The circuit of FIG. 4 thus detects insertion of the headphone 106 into the headphone jack/switch 400. However, the circuit of FIG. 4 is not able to drive the external loudspeakers 104 if a line-out jack with similar switching characteristics were to replace the headphone jack/switch 400. Typical external loudspeakers with audio amplifiers have variable input impedances, usually greater than 100K ohms. Because of the magnitude and range of these variable impedance for different types of audio amplifiers, the circuit of FIG. 4 is not able in some cases to drive the external loudspeakers 104 over the entire impedance range. This is because the impedance of the external loudspeakers 104 would be in parallel with 2k ohm resistors 404 and 414.

As will be set forth below, the present invention overcomes the foregoing problems. The present invention incorporates the switching characteristics of combination jack 300 to provide the routing of electrical signals from the sound device 116 to various transducers 104, 106 and 112. The desired feature of routing the electrical signals to one transducer and not the others is also maintained. One embodiment according to the present invention for routing audio to the headphone 106 is depicted in FIG. 5. A line-out jack 500 of combination jack 300 (not shown) is connected to the audio switch 220 via lines 520 and 522 and the internal loudspeaker 112 via lines 524 and 526. Unity gain amplifiers 510 used as buffers are inserted between the audio switch 220 and the line-out jack 500 and between the line-out jack 500 and the internal loudspeaker 112.

When the headphone 106 is connected to the contacts 408 and 410 of headphone jack/switch 405, the headphone jack/switch 400 disconnects lines 420 and 422, and causes the transistor switch 412 to be “on”. When the transistor switch 412 is “on”, the transistor switch 412 does not provide the enabling signal to the CNTL input of audio switch 220. Next, audio switch 220 opens and disconnects the electrical audio signals out of sound device 116 with line-out jack 500 and internal loudspeaker 112. When the headphone 106 is not connected to contacts 408 and 410 of the headphone jack/switch 405, line 420 is connected to line 422, and the transistor switch 412 is “off.” This provides a logic “1” (or an enabling signal) to a control CNTL input of audio switch 220. Then audio switch 220 closes and connects the sound device 116 with the line-out jack 500. Thus when the external loudspeakers 104 are not connected to the line-out jack 500, the line-out jack 500 couples the sound device 116 through audio switch 220 via lines 520 and 522 with a 6 stage equalizer 540 via lines 524 and 526. The 6 stage equalizer 540 is connected to an amplifier 530. The amplifier 550 is connected to the internal loudspeaker 112. One of the functions of the 6 stage equalizer 540 is to combine the electrical signals from lines 524 and 526 and provides a single electrical signal to amplifier 550 for signal amplification. The single electrical signal is then provided to the internal loudspeaker 112.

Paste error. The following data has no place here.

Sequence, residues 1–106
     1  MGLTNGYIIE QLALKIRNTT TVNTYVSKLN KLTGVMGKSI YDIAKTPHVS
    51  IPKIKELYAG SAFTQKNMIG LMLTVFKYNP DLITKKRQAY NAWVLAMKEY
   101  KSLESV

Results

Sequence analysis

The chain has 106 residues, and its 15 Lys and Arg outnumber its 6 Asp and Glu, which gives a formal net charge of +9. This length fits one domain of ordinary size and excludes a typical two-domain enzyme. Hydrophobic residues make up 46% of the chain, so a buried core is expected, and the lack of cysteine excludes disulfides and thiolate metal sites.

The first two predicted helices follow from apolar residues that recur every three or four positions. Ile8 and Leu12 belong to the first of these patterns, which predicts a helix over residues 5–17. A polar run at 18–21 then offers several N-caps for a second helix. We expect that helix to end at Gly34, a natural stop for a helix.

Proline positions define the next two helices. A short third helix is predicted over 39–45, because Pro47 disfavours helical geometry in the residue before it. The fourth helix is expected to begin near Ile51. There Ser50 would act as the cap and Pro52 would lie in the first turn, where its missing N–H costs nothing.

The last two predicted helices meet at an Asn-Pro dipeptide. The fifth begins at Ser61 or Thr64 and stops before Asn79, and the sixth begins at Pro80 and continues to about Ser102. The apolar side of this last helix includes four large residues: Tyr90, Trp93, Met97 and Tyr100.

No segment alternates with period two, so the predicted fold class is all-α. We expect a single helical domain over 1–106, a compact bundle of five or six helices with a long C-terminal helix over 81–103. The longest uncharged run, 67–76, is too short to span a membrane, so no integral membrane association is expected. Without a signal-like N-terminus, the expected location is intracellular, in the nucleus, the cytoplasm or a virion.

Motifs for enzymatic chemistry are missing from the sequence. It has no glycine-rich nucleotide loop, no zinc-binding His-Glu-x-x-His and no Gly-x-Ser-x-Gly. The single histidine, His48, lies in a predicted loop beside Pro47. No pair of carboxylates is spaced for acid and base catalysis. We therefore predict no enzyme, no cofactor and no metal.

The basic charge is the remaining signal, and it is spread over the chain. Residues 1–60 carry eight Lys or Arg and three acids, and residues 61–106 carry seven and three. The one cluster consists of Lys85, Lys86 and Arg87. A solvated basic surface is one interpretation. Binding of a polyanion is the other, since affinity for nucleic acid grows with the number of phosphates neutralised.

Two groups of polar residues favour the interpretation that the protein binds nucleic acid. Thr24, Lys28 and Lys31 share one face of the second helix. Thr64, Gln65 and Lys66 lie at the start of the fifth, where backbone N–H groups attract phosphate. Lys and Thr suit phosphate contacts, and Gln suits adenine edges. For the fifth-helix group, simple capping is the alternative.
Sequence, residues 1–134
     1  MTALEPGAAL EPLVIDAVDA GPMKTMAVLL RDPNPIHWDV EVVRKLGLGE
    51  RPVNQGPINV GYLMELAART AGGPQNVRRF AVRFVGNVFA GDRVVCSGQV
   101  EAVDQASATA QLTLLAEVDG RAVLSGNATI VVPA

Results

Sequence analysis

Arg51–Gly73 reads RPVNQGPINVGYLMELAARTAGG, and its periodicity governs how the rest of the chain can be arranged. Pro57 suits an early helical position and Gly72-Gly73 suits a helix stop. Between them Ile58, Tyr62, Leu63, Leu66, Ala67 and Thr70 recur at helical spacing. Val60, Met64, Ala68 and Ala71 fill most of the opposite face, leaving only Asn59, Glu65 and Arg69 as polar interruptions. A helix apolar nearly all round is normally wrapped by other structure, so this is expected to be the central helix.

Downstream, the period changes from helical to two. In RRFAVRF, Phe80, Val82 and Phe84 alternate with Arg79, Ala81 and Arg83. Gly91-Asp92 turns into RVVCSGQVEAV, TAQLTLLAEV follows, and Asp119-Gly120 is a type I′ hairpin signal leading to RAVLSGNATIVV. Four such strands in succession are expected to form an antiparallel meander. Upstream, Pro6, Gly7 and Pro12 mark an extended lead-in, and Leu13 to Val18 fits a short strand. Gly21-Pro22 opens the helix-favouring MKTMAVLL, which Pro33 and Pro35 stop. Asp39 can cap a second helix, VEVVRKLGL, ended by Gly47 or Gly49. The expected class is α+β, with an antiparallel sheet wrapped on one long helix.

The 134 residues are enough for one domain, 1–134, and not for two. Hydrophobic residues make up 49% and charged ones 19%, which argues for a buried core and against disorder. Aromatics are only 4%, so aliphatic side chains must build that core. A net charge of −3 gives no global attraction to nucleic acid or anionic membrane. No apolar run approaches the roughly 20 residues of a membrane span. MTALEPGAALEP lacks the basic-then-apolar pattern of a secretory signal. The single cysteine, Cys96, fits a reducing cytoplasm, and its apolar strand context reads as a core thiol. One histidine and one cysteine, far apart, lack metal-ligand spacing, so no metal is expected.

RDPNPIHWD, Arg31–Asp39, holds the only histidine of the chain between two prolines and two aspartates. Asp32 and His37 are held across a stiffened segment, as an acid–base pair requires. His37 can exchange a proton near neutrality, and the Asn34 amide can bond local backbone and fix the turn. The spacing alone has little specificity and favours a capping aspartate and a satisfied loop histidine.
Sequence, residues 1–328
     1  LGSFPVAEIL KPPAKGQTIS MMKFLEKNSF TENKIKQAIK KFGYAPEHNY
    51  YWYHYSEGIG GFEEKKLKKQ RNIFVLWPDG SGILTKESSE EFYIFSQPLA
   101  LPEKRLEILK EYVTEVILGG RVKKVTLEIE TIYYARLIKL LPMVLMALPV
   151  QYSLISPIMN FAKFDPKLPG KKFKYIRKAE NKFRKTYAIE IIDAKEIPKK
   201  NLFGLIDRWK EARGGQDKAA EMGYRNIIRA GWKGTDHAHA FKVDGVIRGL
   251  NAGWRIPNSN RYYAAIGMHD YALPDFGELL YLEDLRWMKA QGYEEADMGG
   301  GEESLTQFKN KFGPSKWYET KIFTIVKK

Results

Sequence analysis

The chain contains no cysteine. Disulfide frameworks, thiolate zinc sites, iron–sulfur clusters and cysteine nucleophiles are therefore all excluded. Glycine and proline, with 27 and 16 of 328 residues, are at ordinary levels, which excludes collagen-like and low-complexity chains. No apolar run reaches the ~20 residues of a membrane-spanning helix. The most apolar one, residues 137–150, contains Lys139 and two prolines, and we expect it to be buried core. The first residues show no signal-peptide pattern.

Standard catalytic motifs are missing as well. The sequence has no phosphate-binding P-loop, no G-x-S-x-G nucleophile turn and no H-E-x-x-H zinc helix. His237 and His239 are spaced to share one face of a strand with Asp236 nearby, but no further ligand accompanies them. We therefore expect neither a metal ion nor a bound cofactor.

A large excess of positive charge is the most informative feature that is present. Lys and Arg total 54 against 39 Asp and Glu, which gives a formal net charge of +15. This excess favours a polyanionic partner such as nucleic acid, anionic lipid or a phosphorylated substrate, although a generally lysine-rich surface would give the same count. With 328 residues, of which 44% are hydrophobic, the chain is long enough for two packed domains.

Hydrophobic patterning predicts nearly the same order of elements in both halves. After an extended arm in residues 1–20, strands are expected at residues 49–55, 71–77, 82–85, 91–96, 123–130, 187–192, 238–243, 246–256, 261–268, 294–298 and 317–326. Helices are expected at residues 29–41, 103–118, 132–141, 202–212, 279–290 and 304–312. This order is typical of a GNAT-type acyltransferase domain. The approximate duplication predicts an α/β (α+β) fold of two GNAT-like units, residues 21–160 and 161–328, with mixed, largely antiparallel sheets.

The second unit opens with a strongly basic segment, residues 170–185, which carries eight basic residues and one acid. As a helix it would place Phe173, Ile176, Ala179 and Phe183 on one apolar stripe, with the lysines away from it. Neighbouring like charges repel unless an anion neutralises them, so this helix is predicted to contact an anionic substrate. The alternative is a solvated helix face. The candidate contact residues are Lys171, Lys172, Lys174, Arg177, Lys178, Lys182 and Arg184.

When the external speakers 104 are connected to contacts 502 and 504 of line-out jack 500, the line-out jack 500 connects the electrical signals from the audio switch 220 to the external loudspeakers 104 via lines 520 and 522. In addition, the line-out jack 500 opens and disconnects the electrical signals from the audio switch 220 to the 6 stage equalizer 540 via lines 520 and 522 with lines 524 and 526.